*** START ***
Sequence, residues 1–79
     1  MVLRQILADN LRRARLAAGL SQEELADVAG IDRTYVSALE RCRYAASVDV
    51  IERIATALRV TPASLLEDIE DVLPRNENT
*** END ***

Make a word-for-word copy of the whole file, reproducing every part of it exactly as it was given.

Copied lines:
Sequence, residues 1–79
     1  MVLRQILADN LRRARLAAGL SQEELADVAG IDRTYVSALE RCRYAASVDV
    51  IERIATALRV TPASLLEDIE DVLPRNENT